One of the current obsessions of the NHS is with economies of scale – the notion that health care would be safer, faster, cheaper and more efficient if services were provided by larger teams in bigger hospitals or across ever-enlarging networks of organisations. This could be seen as an extension, albeit in a mutated form, of the decades-long drive towards the centralisation and specialisation of hospital services.
To these ends, over half of all hospitals in England have been closed or merged in the last 20 years, while one of the purposes of sustainability and transformation partnerships is to create unprecedented economies of scale at regional level across every type of NHS organisation.
One of the consequences of this trend has been to make the smaller hospital seem a near irrelevance in the NHS landscape. Yet smaller hospitals provide care to nearly half the population of England in communities that are frequently rural and/or remote, are more deprived, and with a patient cohort that is older and more co-morbid than average.
These hospitals also face more significant challenges than their larger, more urban counterparts. They are more likely to suffer from workforce shortages, a more constrained financial environment and a lack of the highly specialist services that the public increasingly expects. Many of them are plagued by the existential threat of closure, which makes planning and recruitment an even more difficult task.
Analysis last year by the Nuffield Trust showed that six of the seven most remote rural trusts in England accounted for nearly a quarter of trust deficits, reflecting their higher and often unavoidable costs.
Yet the game for smaller hospitals is not completely over just yet. There is an increasing awareness of their importance internationally, especially in widely geographically dispersed countries such as the USA, Canada and Australia.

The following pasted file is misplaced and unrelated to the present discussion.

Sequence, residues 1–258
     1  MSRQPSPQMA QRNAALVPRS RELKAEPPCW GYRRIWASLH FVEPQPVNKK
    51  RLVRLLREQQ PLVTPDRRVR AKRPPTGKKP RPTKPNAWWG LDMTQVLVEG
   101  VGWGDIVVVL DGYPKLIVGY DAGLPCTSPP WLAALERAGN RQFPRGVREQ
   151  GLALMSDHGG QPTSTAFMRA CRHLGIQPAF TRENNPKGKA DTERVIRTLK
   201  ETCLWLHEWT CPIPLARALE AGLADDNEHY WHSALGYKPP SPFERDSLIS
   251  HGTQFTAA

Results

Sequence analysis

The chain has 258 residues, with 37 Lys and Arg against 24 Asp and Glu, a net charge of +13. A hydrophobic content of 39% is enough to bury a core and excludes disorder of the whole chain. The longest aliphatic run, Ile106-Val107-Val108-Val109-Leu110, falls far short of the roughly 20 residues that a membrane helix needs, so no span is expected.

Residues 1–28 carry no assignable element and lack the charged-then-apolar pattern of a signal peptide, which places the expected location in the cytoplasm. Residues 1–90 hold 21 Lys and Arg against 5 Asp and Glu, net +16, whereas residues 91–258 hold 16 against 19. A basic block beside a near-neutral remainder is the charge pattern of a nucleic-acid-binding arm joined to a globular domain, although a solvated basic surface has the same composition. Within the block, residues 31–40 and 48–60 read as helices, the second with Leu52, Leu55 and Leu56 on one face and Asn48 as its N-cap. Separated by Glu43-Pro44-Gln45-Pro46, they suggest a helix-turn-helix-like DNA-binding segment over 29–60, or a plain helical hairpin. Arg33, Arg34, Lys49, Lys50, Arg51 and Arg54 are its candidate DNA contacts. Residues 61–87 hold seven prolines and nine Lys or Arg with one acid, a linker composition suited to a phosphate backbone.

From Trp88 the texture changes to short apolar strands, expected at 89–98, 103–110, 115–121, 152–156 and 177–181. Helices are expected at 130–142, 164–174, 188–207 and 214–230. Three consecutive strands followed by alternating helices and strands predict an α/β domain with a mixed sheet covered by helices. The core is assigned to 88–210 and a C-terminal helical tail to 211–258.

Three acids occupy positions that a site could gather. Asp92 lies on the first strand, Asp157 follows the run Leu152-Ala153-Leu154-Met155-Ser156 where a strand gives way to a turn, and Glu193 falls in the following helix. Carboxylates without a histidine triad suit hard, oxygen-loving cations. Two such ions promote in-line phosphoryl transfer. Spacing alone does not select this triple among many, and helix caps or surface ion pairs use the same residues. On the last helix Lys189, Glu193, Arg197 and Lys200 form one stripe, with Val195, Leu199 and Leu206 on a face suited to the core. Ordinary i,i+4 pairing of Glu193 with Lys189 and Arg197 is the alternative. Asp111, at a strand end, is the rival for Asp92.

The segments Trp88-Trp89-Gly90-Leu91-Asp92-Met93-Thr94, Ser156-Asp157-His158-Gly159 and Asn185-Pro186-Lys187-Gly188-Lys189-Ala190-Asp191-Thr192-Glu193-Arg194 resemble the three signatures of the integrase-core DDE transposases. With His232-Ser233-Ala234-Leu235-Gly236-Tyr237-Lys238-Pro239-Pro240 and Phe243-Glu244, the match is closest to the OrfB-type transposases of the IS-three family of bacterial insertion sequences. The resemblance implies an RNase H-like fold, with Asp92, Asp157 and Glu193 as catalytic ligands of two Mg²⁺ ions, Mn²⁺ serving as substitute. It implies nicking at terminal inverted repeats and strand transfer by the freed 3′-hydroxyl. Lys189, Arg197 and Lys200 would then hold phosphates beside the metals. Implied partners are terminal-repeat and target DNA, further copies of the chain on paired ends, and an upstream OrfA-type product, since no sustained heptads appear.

In England, the NHS Long Term Plan acknowledged the problems of smaller acute hospitals, including the fact that many “national standards and policies [are] not appropriately tailored to meet their needs”, and pledged to work with trusts on new operating models and developing better links with other parts of local systems.
This has been extended to consideration of specific needs of smaller, rural and remote hospitals with regard to workforce planning and postgraduate education.
For some smaller hospitals, their need is urgent and these structural changes cannot come fast enough. I hope that the evidence presented in the special edition of Future Healthcare Journal will underline just how important smaller hospitals are in the wider economy. They are deserving of support at every level, if fair and equitable care is to be delivered to all across the NHS.
We hope that clinicians and managers will find the edition useful in improving day-to-day care, as well as calling to the attention of our political masters the importance of formulating policies and supporting practices that will able enable smaller hospitals to continue to provide the care that their local populations deserve.
Louella Vaughan is a senior clinical research fellow at The Nuffield Trust, consultant physician in acute medicine at The Royal London Hospital, and a member of the Future Healthcare Journal editorial board. This is an abridged version of her editorial in Future Healthcare Journal volume 7, issue 1, February 2020.
Vaughan L (2020) "Why bigger isn’t always better: Caring for patients in smaller, rural and remote hospitals", Future Healthcare Journal editorial / “Smaller hospitals: deserving of support at every level”, Nuffield Trust comment.